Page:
Jess Stratton: How To Reach For Optimal Performance

Jessica Stratton - Old Saybrook (CT) High School, Class of 2019

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During my years as a competitive high school runner and Division I athlete, I spent countless hours pondering how to reach my potential.

What is the perfect way to train? The perfect way to eat? The perfect way to sleep? The perfect way to structure my life?

I wanted to get everything exactly right in order to perform at the highest level.

Throughout my career, I think I've uncovered the answers to these questions and unlocked the keys to reaching optimal performance. I want to share those with you, because there are many aspects of achieving our potential as athletes that are often misunderstood. 

I've done it the wrong way, let me tell you that. I've gone down the path of restricting my eating and trying to be the thinnest version of myself. I mistakenly thought that those factors were correlated with my speed.

But the most important lesson I have learned in making these mistakes is that ultimately you cannot take short cuts if you are aiming to reach your potential. In the world of running, it's almost inevitable that you will be surrounded by others who do this, and it's extremely tempting to follow in their footsteps.

They may be the fastest on the team for a period of time. But I guarantee you that this success is unsustainable.  

Take Anna Melin's research, for example. The Linnaeus University professor's work studying energy availability in sports has shown that low energy availability can actually increase performance for a very short period of time because your body rapidly loses weight but still is getting energy from your body's energy reserves (fat tissue and existing body proteins).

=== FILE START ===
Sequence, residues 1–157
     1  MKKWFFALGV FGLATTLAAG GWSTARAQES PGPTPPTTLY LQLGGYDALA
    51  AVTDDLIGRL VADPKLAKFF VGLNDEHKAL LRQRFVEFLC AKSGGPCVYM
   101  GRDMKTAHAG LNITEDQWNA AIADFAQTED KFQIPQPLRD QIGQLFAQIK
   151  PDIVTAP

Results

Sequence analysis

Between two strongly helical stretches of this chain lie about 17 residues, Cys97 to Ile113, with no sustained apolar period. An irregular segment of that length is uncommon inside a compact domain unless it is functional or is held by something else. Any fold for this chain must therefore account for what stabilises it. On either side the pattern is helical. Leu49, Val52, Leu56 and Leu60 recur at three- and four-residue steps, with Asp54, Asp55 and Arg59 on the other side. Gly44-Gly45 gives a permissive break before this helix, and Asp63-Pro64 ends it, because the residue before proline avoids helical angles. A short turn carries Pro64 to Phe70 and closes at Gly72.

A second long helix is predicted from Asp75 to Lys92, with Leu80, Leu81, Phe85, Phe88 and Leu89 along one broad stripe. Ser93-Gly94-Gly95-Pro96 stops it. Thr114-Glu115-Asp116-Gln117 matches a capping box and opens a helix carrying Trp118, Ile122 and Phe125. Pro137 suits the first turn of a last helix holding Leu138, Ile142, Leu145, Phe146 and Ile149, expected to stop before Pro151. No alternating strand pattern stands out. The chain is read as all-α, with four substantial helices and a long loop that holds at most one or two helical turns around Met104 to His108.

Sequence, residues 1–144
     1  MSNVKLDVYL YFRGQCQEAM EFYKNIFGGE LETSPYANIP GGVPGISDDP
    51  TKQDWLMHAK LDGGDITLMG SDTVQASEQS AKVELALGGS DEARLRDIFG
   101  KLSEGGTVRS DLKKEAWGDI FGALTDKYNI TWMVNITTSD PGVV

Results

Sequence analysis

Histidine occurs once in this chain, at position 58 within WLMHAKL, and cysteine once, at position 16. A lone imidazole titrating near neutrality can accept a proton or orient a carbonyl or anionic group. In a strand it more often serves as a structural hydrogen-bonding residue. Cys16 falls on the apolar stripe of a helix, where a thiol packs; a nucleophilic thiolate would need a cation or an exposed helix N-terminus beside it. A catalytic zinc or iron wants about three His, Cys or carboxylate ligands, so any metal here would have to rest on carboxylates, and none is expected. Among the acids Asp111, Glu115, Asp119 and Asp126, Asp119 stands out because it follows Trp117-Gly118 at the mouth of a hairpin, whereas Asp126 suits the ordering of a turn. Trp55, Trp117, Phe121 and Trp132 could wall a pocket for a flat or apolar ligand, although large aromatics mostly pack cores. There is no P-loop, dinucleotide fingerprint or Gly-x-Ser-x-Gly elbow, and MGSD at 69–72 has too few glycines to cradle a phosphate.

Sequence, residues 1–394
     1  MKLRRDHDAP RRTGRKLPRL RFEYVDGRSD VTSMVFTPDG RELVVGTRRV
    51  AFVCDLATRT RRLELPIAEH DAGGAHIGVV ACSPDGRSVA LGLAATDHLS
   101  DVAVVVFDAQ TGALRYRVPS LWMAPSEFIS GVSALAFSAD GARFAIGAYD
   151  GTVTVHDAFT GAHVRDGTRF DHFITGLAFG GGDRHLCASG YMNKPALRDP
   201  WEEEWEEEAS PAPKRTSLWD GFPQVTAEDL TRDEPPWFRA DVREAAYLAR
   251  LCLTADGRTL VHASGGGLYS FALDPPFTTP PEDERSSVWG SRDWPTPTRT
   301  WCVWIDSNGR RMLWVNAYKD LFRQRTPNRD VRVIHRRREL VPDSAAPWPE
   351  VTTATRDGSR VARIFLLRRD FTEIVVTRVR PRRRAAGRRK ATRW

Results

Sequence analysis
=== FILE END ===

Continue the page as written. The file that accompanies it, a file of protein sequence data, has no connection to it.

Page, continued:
However, this can only fuel your body for so long, which is why this is a completely unsustainable way to build. You will inevitably crash and burn. 

1. The first key to optimal performance is to fuel for sustainability.

According to Melin, long distance runners need to prioritize "adequate energy and fuel availability throughout the year" in order to maximize training and performance.

This means that you have to consistently fuel well and eat enough to exceed the amount of energy you expend. Often times, the amount of energy you think you extend is underestimated.  Even a slight underestimate and under-fueling for a sustained period of time can cause you to deplete your energy availability, which is why I have learned to always err on the side of caution and eat more than I think I need.

This way, I know that I will always show up energized and able to gain the most fitness from each workout. The more energy you can put in, the more fitness you'll get out.  

          Ultimately, there are many paths to success and many ways to train and achieve greatness.

          However, I would argue that these particular points are foundational to achieving optimal performance and reaching your potential. I hope you're able to take in and process this knowledge, because as a young athlete I wish I built my foundation first. 

            2. The second key factor in reaching your optimal performance is to prioritize your health before your fitness.